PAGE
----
GP restricted lists – what does it mean?

Friday July 29th 2016

Six GP practices in Midlothian are now operating a ‘Restricted List’, Midlothian Health and Social Care Partnership have published the following answers to comon questions people may have on the issue.

What is a restricted list?

This means that a GP practice is temporarily unable to take on new patients .  GP practices do not take this step lightly and will only do so when the number of patients registered per doctor reaches capacity.

Why is this happening?

There are a number of reasons behind this including national challenges in recruiting GPs as well as an increased population in Midlothian, and more people living longer with multiple complex illnesses.

Who is affected by these restrictions?

If you are already registered with a practice you will continue to receive a normal service.  All new babies will be able to register with the same practice as you.  The restrictions only affect people who move into the area or want to change their practice for another reason.

What do I do if the practice that I want to join has a restricted list?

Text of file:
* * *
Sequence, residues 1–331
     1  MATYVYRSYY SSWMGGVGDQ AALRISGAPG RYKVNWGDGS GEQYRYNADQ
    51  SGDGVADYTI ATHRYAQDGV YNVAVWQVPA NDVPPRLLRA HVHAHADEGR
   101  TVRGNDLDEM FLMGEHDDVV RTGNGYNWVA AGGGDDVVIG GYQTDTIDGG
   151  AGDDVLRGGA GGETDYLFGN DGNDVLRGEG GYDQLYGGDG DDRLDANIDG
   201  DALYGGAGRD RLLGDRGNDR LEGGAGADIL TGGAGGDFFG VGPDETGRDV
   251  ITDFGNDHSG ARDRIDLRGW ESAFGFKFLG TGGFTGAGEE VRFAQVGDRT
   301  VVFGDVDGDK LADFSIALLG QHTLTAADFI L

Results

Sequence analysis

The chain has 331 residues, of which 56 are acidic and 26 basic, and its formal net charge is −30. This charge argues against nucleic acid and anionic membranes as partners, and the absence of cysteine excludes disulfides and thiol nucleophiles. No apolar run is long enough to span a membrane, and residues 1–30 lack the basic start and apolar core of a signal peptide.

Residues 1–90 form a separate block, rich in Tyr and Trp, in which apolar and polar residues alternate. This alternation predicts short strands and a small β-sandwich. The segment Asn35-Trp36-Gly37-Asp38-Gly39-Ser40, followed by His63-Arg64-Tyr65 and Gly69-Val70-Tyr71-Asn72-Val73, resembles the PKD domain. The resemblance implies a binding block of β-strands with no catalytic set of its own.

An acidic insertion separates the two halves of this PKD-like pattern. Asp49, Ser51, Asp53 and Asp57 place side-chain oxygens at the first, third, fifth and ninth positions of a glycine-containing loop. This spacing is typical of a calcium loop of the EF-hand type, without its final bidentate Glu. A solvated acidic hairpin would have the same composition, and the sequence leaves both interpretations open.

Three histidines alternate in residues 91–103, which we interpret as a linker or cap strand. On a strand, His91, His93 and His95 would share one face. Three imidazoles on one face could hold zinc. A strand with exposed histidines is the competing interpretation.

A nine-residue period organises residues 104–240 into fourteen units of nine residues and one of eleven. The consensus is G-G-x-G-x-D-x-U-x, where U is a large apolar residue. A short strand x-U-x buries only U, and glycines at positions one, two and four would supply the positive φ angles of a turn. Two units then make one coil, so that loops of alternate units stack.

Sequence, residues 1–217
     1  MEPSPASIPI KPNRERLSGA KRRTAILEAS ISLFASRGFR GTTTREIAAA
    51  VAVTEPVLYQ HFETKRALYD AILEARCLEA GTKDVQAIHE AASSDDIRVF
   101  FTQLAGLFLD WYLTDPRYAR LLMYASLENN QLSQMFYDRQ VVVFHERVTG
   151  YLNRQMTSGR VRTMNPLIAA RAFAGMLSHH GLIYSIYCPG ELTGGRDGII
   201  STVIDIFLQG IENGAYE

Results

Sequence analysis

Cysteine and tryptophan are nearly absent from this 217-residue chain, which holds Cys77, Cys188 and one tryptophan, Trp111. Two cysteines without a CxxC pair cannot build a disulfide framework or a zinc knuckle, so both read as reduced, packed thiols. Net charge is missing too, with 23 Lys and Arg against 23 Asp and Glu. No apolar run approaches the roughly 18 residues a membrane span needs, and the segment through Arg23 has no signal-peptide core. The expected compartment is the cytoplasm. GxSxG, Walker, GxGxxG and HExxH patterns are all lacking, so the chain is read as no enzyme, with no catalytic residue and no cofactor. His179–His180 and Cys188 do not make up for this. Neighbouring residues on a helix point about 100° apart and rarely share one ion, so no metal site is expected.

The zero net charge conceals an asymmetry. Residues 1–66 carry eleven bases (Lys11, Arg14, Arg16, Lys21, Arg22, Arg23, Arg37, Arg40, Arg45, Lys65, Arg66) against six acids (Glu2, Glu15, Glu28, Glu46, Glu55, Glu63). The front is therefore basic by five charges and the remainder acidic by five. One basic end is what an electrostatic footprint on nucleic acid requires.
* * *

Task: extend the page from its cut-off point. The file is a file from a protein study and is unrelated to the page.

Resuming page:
If your local GP practice has a restricted list you will be asked to join a different practice in the local area.  If there are no other practices accepting new patients you will be asked to phone ‘Practitioner Services’ who will allocate you a GP.

No one should be unable to register with a GP practice – everyone will be supported to have access to a GP.

What is being done to solve the problem?

Midlothian’s Health & Social Care Partnership is taking the following action:

  • Plans are in place to develop capacity for an additional 3000 patients over the next three to five years. This will include a new larger site for Loanhead Medical Practice and an extension to Newbyres Medical Practice.
  • The possibility of opening a new GP practice is being explored.
  • Two full-time pharmacists have been taken on to support the three Bonnyrigg practices and practices in Dalkeith and Gorebridge, this should help support GPs and free up some of their time to see more patients.
  • Nurses are receiving more training to become Advanced Nurse Practitioners who will be able to see people with more complicated health issues and prescribe medication.
  • Health & Wellbeing Practitioners are being based in three GP practices providing an alternative form of support to people with long term health conditions.
  • A guide will be published soon explaining the alternatives to seeing a GP.
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